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Adding and Subtracting Fractions
by Gail Englert

A response to the question:

What is the best method of teaching how to rename fractions to have common denominators in order to add or subtract?

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The students in my fourth grade class already know how to add and subtract fractions with common denominators. What is the best method of teaching them how to rename fractions to have common denominators in order to add or subtract. How do I make it easier in their terms and words how to teach this? Please help! Thank you.


I have an unusual approach to this for my fifth grade students, and they have had some wonderful successes building number sense...

I have my students use a fraction chart or fraction pieces/bars to list out several equivalent fractions for each of the fractions in the problem. Then, they are free to select one fraction from each "set" to use to solve the problem. Here is how it works:

           1/2   2/4   3/6   4/8   5/10   6/12
         + 3/12  1/4                      3/12

They can choose to add 6/12 and 3/12, or 2/4 and 1/4. Either one will get them the correct answer, and the benefit of using 2/4 and 1/4 is they won't have a fraction that has such large terms...

Here is another example:

       10/12   5/6
      - 5/10   3/6   4/8   2/4   1/2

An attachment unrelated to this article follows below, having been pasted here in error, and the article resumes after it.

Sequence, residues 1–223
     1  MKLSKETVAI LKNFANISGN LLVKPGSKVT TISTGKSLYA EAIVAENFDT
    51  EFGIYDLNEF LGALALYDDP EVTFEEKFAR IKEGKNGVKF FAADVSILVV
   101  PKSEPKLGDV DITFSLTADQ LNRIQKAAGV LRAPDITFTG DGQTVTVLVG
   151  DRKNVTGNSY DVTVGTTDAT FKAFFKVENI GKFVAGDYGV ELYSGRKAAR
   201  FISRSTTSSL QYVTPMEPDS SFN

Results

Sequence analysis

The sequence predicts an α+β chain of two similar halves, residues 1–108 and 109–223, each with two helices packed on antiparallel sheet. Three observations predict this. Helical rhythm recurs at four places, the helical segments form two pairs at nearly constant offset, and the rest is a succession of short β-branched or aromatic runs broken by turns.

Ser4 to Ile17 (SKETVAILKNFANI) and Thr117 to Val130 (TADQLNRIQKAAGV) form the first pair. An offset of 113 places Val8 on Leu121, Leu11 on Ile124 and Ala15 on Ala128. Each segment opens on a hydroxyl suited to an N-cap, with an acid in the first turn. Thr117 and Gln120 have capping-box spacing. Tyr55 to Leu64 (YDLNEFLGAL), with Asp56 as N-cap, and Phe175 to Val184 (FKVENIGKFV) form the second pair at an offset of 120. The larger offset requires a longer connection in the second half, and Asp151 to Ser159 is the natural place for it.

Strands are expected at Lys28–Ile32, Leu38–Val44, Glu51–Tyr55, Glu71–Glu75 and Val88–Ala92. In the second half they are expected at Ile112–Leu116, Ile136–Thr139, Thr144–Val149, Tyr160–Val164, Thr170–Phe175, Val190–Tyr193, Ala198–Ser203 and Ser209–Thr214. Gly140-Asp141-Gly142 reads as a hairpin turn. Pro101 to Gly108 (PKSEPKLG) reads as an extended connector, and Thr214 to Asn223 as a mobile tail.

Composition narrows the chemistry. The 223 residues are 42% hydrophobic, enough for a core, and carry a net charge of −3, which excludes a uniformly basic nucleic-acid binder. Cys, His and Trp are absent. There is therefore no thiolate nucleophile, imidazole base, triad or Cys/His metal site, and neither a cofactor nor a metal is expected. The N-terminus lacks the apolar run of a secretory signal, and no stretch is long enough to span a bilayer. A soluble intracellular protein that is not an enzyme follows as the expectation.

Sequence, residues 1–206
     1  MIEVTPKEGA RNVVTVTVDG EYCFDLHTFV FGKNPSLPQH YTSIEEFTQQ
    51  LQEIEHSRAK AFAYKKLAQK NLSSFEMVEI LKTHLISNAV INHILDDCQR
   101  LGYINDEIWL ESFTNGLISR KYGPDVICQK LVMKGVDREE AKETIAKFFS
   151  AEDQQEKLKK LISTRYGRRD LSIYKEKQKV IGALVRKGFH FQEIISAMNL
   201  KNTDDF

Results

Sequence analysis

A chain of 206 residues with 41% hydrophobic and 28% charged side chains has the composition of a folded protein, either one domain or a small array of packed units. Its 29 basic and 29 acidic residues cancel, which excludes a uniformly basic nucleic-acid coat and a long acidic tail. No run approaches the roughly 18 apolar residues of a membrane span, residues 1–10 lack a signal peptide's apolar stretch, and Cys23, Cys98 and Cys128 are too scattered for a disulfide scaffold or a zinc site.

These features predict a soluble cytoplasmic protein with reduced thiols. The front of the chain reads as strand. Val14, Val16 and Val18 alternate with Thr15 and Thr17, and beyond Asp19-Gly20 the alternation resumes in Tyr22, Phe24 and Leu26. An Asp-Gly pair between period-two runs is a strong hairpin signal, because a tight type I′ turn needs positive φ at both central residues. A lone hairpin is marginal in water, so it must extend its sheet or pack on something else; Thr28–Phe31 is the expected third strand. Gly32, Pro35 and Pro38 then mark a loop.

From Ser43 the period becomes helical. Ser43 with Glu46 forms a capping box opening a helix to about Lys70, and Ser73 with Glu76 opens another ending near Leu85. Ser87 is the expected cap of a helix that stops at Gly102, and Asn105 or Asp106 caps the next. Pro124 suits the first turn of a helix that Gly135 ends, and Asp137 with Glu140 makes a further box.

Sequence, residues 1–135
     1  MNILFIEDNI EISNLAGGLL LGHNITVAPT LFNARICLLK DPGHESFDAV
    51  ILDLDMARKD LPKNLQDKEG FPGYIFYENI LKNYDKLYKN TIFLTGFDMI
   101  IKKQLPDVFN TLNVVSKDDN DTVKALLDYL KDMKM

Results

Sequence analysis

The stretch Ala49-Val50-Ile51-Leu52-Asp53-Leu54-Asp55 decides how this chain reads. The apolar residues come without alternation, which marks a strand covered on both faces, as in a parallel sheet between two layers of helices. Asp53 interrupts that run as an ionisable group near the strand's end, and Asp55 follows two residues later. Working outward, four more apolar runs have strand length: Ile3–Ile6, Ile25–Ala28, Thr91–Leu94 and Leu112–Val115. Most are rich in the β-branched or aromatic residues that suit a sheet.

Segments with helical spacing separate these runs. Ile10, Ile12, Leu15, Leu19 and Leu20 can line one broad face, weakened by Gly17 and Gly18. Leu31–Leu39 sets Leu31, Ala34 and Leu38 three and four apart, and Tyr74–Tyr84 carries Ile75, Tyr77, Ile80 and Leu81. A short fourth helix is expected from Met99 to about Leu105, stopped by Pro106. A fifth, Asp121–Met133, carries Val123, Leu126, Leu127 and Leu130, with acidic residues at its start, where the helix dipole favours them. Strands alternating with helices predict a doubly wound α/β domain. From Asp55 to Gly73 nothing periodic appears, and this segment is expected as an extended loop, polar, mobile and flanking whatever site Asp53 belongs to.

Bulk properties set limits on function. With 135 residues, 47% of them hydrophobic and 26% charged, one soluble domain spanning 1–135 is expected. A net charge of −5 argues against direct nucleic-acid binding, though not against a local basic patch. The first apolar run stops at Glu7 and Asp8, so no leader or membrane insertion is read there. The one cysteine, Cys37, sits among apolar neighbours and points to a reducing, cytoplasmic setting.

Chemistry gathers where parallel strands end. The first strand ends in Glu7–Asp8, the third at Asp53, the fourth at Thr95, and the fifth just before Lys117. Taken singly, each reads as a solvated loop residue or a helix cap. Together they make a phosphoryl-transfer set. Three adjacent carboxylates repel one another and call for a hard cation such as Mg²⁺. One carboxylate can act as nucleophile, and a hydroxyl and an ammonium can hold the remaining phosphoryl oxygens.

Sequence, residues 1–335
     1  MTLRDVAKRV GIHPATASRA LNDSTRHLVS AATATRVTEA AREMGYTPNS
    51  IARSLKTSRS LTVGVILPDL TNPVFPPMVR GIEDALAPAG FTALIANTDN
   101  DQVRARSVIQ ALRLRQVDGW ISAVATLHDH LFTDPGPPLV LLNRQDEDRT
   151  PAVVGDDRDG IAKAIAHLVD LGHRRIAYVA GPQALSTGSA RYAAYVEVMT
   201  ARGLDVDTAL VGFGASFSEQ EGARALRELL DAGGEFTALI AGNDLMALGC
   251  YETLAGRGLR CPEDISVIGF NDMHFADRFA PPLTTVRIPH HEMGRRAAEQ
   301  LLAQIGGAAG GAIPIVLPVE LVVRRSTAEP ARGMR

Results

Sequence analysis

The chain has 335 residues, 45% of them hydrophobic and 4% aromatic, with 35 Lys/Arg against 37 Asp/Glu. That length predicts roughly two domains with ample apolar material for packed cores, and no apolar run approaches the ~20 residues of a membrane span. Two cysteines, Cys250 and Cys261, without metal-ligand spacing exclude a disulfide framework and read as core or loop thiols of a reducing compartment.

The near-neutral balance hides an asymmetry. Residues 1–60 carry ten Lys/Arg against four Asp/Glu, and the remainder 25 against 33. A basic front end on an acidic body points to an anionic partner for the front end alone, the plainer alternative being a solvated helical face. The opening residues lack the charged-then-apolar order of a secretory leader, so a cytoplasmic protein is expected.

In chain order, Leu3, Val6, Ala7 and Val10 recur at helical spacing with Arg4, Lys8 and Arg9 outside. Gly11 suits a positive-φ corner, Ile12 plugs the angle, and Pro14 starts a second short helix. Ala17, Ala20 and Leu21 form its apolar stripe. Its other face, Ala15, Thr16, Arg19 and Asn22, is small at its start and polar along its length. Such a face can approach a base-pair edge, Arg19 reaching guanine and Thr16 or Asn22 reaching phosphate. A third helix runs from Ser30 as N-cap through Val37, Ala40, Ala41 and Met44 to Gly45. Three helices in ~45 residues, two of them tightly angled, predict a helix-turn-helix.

The way "we" would have solved as this fifth graders would have been to list out the multiples of 12 and 10, and then find the least common multiple... 60... so the new problem would have been

      - 30/60    

which doesn't seem like such a tough problem, but 20/60 is not in lowest terms (though, it isn't hard to simplify)

My students would do 5/6 - 3/6 and get 2/6, which is familiar to them, and they would have little trouble recognizing it is 1/3.

Let me preface all this by saying that my students found equivalent fractions in this same way, using fraction charts and pieces... then looking for similarities in the sets. They "discovered" ways to name equivalent fractions using what they noticed about the fractions in the sets...

When they looked at all the "halves" they noticed that the numerator was always half as large as the denominator... the thirds had a "third as large" relationship, and so on... After some experimenting, they decided they could multiply to find the equivalent fractions, just like we do.

I would encourage you to let them select their equivalent fractions the way I have shown. There is no reason I can think of why they should HAVE to use the least common denominator, when they are demonstrating great fraction sense by finding several options.

-Gail, for the T2T service

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